Real-time safety-critical systems should provide hard bounds on an applications' performance. SDRAM controllers used in this domain should therefore have a bounded worst-case bandwidth, response time, and power consumption. Existing works on real-time SDRAM controllers only consider a narrow range of memory devices, and do not evaluate how their schedulers' performance varies across memory generations, nor how the scheduling algorithm influences power usage. The extent to which the number of banks used in parallel to serve a request impacts performance is also unexplored, and hence there are gaps in the tool set of a memory subsystem designer, in terms of both performance analysis, and configuration options. This article introduces a generalized close-page memory command scheduling algorithm that uses a variable number of banks in parallel to serve a request. To reduce the schedule length for DDR4 memories, we exploit bank grouping through a pairwise bank-group interleaving scheme. The algorithm is evaluated using an ILP formulation, and provides schedules of optimal length for most of the considered LPDDR, DDR2, DDR3, LPDDR2, LPDDR3 and DDR4 devices. We derive the worst-case bandwidth, power and execution time for the same set of devices, and discuss the observed trade-offs and trends in the scheduler-configuration design space based on these metrics, across memory generations.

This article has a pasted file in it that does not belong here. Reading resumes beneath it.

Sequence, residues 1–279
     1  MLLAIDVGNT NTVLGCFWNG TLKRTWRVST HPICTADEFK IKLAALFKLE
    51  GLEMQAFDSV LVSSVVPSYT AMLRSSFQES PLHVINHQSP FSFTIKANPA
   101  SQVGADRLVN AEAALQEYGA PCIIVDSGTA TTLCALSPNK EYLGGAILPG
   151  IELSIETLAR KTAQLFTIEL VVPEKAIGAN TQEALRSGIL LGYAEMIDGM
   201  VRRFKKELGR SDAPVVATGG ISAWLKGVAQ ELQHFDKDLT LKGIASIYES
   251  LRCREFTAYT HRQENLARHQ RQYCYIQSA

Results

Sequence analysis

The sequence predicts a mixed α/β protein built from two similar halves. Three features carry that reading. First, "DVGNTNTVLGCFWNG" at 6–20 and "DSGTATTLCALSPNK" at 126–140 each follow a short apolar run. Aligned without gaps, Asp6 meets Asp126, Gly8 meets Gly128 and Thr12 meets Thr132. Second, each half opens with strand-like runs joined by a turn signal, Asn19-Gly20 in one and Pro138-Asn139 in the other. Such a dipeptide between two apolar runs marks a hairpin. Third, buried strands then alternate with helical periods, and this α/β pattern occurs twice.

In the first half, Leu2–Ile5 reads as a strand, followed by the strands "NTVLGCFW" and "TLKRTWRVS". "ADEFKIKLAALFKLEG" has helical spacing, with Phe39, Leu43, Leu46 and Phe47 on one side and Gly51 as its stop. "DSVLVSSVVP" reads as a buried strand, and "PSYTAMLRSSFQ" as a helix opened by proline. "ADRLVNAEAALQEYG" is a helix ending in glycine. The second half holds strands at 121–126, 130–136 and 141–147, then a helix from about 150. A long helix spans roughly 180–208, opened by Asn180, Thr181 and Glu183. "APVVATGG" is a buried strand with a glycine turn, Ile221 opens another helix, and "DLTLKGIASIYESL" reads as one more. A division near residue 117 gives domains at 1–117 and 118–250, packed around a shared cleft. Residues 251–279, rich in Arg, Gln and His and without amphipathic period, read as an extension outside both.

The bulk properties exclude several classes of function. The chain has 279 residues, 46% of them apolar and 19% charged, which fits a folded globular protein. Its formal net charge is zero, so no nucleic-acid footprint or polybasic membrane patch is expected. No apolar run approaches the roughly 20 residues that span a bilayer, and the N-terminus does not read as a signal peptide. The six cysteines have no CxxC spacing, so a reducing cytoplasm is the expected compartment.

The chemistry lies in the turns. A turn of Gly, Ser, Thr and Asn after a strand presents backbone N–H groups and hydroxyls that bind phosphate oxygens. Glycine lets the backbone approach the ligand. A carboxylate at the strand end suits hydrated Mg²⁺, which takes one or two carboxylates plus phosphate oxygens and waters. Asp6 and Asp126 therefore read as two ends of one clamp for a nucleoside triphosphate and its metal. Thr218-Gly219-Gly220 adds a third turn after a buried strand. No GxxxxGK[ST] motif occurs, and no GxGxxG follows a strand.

- Dynamic random access memory (DRAM)
- memory control and access
- real-time and embedded systems